Or, wait till Steven Spielberg wraps up production on my film biography, tentatively titled What a Crock.
THE TRUTH, Episode 12
If you recall from Episode 11…
Helen, the girl I was madly in love with, who I went to high school with (though we never spoke), whose father hated me…
She went off to Europe to spend time with her traveling sister.
It was a ruse.
But I only surmised this after the fact.
Her father shipped her off to separate us.
He figured time away from me would give her a chance to consider and accept all his reasons for why I wasn’t a good fit for her.
His suffocating dominance over his daughters was apparently why Helen’s older sister also hadn’t married.
So, my great fear, now that we were apart and I could no longer refute in real time his arguments against me, was that he would win this Montague vs Capulet game he was playing.
And, win it he did.
A few weeks after she left, I received a “Dear John” letter.
It was over.
And there was nothing more I could do. She was a continent away.
So, there was no reason for me stay any longer in Israel—I hated the place again.
And I finally had the money to buy a ticket home.
Back in New York…
Helen’s Jewish mother influence prompted me to go back to school and get my BA degree.
As graduation approached, two years after returning to NY, I was on the horns of a dilemma.
Should I go to law school, or pursue a Masters Degree in International Relations.
Two avocations that always fascinated me.
And yet, I had no real abiding passion for either.
Nonetheless, I took the LSAT test, and received the median average score.
Well, with that score I certainly wouldn’t be accepted into Harvard or Yale law school.
To wit, I decided, the law could do without me.
Obviously, the cache of being a lawyer was more compelling than being one.
So, by default, I decided to get a masters in International Relations.
To my still puerile mind the concept of international relations connoted intrigue, spies and espionage, tectonic global clashes—in short it sounded like fun, the stuff of movies.
Besides, I actually enjoyed following international events in the news.
Side story related to my interest in International Relations...
When I returned to the City College of New York two years prior, I chose as my major Political Science (with a minor in Pre-Law).
One of the classes I enrolled in was taught by the eminent Dr. Hans Morgenthau.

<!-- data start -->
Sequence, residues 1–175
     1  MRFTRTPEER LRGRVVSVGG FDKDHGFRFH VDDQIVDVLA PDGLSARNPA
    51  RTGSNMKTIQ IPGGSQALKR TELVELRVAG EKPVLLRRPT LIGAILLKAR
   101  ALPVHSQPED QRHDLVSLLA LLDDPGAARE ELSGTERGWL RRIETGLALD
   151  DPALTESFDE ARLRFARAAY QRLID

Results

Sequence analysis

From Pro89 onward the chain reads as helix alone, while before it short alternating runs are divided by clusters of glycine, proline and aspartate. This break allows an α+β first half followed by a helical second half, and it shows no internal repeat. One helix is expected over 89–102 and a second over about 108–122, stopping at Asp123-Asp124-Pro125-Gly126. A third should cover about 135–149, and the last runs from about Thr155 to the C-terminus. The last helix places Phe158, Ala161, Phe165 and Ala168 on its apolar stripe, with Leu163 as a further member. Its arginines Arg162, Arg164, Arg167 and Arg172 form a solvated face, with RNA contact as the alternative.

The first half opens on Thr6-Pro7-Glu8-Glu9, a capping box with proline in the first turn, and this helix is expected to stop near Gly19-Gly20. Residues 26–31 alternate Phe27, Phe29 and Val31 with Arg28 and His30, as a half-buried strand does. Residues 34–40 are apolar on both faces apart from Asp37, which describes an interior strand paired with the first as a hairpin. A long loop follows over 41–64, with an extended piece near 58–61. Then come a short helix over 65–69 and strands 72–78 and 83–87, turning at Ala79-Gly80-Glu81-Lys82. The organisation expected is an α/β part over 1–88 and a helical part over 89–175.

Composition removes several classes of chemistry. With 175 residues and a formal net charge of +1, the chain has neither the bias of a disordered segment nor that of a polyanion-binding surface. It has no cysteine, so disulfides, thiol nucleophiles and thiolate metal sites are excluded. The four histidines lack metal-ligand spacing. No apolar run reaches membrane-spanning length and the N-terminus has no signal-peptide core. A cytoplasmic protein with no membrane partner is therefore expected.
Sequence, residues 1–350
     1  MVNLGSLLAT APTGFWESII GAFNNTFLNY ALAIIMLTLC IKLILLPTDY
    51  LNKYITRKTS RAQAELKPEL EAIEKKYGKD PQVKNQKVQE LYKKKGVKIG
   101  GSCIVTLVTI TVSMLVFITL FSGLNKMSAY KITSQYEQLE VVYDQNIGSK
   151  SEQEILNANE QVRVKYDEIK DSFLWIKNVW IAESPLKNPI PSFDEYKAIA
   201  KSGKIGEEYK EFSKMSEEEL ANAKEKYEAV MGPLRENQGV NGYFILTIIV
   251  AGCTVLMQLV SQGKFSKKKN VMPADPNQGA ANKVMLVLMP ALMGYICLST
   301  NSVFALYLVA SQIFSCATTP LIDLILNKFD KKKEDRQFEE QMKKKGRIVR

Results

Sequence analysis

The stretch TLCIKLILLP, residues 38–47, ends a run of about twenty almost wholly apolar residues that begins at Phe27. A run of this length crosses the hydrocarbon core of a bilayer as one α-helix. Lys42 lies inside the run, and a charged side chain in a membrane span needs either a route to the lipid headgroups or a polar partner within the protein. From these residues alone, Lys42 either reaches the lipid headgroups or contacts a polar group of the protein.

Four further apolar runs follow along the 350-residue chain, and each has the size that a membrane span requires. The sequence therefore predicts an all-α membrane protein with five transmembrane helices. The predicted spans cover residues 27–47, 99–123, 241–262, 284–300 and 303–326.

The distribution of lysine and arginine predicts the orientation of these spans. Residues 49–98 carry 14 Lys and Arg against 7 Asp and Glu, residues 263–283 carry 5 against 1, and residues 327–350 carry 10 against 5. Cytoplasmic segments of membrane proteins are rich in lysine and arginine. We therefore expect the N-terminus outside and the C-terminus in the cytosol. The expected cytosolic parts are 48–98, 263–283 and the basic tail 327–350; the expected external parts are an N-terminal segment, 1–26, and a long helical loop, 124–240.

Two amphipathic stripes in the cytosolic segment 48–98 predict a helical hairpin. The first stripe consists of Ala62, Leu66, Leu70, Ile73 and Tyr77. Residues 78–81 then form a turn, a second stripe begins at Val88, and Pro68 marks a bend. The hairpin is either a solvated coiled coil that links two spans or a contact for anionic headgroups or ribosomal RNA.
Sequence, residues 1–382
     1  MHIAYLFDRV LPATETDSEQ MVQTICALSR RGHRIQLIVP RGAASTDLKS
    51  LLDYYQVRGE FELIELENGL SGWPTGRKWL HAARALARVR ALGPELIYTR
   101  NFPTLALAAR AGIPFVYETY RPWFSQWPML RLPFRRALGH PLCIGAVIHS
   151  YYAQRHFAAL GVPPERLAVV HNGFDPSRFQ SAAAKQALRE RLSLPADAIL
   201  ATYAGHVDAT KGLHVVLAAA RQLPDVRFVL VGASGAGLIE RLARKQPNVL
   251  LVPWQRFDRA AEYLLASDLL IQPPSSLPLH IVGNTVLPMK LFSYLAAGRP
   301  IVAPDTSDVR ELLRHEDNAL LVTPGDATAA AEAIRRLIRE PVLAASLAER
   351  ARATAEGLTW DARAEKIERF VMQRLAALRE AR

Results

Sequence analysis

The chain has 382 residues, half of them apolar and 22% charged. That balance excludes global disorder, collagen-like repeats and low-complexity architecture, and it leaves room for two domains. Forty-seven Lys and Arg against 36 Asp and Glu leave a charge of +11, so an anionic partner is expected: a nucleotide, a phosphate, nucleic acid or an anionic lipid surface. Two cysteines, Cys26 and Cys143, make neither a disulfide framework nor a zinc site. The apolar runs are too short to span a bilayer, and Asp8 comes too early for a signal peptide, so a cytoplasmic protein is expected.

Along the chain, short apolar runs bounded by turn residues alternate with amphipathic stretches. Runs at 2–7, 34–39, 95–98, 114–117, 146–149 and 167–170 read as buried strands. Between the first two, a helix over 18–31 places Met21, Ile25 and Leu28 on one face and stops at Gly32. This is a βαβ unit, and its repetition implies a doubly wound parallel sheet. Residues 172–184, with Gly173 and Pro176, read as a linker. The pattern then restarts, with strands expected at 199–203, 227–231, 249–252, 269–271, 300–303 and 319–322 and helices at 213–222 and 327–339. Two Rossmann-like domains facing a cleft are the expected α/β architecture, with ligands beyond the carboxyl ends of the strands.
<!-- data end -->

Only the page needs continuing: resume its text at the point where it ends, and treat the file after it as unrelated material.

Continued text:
Morgenthau was a big name in the study of international relations and international law.
His best-known book Politics Among Nations, first published in 1948, went through five editions during his lifetime and was widely adopted as a textbook in U.S. universities.
He consulted with Presidents Kennedy and Johnson.
He also mentored Henry Kissinger.
We didn’t get along.
Though he was a German Jew, he didn’t like that I kept defending Israel in classroom discussions (Israel was a hot classroom topic after the Yom Kippur War, today even more so).
Anyway, when it was time to write a final paper for the class—I didn’t write one.
Can’t remember why. But I’m sure I had a reasonable excuse, if it was only reasonable to me.
Not turning in a final paper was an automatic fail for the class—even though, with my unjustifiably inflated ego, I believed I was one of the more active and articulate students in the class.
A few days after the class turned in their papers, Dr. Morgenthau asked everyone what grade they thought they should receive, not just for their paper but also for the class.
In an act of ultimate bravado and defiance I said I should receive an “A” for both.
I knew he was going to fail me anyway, so I just wanted to tweak his nose one last time.
Imagine my shock then when he gave me a B+ for the class and for my non-existing final paper.
I never found out why he did that.
What was even more shocking was which school I chose to attend—and was accepted into—to get my masters in International Relations.
In next month’s The Teakster: The Truth, Episode #13, I’ll
tell you the rest of the story.
In the meantime, please let me know in the comments section below if you enjoyed reading this month’s Episode #12 of The Truth.
Until next month...
Stay teak strong!